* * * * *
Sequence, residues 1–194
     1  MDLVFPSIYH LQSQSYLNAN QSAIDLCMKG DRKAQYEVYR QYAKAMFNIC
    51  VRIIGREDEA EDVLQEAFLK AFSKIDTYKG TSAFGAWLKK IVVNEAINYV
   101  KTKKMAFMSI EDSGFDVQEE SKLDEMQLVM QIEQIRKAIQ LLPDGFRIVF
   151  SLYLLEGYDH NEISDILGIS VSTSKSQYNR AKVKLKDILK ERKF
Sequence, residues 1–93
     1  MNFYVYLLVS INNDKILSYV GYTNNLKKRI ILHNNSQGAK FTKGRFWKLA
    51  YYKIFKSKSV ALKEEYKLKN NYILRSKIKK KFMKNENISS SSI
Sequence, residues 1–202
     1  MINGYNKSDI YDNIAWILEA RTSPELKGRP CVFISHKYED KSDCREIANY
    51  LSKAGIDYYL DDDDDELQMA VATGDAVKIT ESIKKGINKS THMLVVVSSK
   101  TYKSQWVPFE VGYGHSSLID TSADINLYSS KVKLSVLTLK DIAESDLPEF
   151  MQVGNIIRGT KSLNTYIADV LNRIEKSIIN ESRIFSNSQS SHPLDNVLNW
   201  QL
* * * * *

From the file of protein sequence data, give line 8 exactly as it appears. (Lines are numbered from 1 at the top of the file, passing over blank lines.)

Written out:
    51  YYKIFKSKSV ALKEEYKLKN NYILRSKIKK KFMKNENISS SSI